Monday, July 13, 2009

Choosing a Jewish community

I've been discussing this with my pre-converts/converts for selecting their Jewish communities. I would like feedback on various communities that my readers live in. I'm including my list of things to consider for the readers, as well.

There are different factors that make different areas ideal for each person.
What kind of Jew you become plays into this.

Things to consider:
Am I comfortable financially, or do I need something more affordable?

Will I have a vehicle? Or do I need to be on the subway?

Will I want to be around modern people, medium strict people or really strict

How to I feel about being around sephardim?

How much commute might I want to make?

What kind of work do I do? Some jobs are concentrated in Manhattan but, others
are concentrated in the outer boros (like teachers and therapists)?

Do I want a lawn and a backyard? Or to be in a high rise? How about a co-op? Do
I want/need a doorman?

Do I want to be around young, old, a mixture or don't care?

If you consider yourself a Chabadnick, do you want to live in Crown Heights?

Do you want to live in a small community, big community or something in between?
There are communities made up of one shul, 6, 38, or over 200. The size of a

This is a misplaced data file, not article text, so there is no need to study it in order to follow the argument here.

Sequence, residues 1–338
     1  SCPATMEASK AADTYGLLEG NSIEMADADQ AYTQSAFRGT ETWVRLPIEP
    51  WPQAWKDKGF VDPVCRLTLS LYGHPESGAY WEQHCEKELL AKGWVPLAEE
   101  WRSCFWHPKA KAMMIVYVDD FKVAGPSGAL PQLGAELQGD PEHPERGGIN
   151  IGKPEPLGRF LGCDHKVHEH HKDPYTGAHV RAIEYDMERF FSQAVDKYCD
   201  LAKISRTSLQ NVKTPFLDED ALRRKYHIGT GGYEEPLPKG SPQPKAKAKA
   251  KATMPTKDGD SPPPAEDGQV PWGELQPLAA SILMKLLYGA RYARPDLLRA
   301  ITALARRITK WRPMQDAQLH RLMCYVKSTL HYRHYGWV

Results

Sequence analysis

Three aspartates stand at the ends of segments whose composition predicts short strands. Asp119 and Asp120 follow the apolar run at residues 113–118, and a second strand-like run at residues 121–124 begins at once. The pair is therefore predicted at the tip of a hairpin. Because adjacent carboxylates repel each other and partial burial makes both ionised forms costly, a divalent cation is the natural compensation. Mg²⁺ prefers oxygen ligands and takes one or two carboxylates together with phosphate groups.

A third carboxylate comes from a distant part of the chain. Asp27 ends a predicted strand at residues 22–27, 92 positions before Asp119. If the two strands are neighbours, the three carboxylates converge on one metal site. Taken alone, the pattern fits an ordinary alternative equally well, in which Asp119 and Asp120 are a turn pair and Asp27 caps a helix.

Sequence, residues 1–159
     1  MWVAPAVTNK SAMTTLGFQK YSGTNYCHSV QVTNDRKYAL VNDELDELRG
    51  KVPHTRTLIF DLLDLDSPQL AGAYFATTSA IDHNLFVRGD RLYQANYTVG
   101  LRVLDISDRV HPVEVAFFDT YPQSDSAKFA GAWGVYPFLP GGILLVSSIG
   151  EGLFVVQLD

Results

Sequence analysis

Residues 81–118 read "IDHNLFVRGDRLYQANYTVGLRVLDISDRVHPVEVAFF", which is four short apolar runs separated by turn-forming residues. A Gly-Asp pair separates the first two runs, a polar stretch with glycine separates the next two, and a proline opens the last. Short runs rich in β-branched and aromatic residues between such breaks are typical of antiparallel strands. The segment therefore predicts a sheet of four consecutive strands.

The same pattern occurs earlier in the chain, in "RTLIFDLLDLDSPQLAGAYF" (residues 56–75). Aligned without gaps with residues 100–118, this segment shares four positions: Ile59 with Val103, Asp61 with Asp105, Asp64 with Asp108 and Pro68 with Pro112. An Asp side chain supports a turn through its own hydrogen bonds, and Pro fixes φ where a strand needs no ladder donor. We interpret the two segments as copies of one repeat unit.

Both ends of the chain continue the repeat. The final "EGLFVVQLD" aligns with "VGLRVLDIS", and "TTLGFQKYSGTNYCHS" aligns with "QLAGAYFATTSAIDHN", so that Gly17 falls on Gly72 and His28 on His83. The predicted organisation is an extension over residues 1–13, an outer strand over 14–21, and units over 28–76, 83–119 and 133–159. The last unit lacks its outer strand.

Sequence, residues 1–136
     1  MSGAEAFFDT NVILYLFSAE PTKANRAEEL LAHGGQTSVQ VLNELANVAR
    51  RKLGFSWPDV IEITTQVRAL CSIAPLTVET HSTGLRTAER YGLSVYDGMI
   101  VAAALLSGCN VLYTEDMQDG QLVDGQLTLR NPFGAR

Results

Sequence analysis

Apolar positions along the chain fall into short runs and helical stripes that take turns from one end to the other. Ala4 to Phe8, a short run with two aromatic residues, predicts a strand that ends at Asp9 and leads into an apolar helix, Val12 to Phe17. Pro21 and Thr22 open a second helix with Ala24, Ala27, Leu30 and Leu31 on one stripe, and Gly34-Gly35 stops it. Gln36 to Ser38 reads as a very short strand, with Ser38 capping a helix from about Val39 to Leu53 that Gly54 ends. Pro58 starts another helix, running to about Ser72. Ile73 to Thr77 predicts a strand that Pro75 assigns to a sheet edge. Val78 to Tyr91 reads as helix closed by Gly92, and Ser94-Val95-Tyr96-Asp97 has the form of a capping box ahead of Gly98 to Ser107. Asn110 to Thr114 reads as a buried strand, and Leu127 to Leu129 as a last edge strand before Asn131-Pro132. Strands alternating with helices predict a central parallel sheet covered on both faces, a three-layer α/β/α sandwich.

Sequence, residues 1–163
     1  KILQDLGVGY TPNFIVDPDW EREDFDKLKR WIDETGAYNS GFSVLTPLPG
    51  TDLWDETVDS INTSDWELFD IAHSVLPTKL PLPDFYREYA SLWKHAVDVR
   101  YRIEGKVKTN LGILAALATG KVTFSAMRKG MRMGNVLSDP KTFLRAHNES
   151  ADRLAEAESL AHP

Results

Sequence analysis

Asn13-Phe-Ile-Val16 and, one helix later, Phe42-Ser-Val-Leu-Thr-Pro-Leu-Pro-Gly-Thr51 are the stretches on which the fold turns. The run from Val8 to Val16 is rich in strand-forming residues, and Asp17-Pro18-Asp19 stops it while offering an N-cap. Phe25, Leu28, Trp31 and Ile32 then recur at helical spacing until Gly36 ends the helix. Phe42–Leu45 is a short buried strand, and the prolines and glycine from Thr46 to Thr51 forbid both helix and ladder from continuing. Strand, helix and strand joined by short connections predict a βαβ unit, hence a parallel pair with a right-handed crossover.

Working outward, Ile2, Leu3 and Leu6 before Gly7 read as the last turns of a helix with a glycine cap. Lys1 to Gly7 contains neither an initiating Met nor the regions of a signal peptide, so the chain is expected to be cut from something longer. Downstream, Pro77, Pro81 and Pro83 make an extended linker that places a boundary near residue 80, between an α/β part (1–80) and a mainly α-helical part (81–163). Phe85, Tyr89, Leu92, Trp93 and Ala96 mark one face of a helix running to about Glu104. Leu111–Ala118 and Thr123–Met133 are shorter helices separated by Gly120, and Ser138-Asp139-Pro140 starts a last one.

community is something to consider.

Do you want kosher grocery shopping right there or would you shop at a regular
store and supplement that with trips to another area for meat and maybe cheese?

If you are going to be married Jewishly in that neighborhood, do you need a
mikvah right there or would you want to travel to it?

If you aren't finished with your process, do you need a rabbi within the
community or would want to travel to meet with one?

What kind of women's role do you want? Some areas women never go to shul others
they are expected as much as the men.


  1. Well, here I am again.. I think suberban people would find it a bit..sacrilegous to consider raising their kids in such a small, poor, dirty place like Brooklyn. The same thing with non-Jewish Americans who come by here;there here during their twenties to work, but not to rise a family here. ..well, not usually.

    ..I mean, like you said, you can always commute from Woodmere or Passaic or something..

  2. From one of my pre-converts:

    Re: blog

    You might like to include is there a mikveh easily accessible?

    If you have children, what school's are available.

    Is there an Eruv?, do you want to live in a community with an Eruv?

    Where and how accessible are shops to buy Kosher food. Is there a Kosher
    Butcher/Bakery? Any eateries?

    Is this a community you feel comfortable in. Have they made you feel welcomed?
    Do you feel that the community is Gerim friendly? Do you feel comfortable within
    this community?

    What kind of housing do you want.. is it within your budget?

    I like the blog about 'what is a name'. Thanks for mentioning some of us :-)

  3. Merrick, NY is a great community on the South Shore of Long Island. There are many options for Jewish day schools including HANC, HAFTR, Rambam, HALB, NSHA, and Solomon Schechter. Alternatively, it is in one of the best public school districts in the country. There is a kosher butcher and a kosher bagel store in town and a bakery in nearby Wantagh. There is a mikvah in nearby Oceanside (12 minute drive) and many kosher restaurants in West Hempstead (15 minutes) and the Five Towns (25 minutes).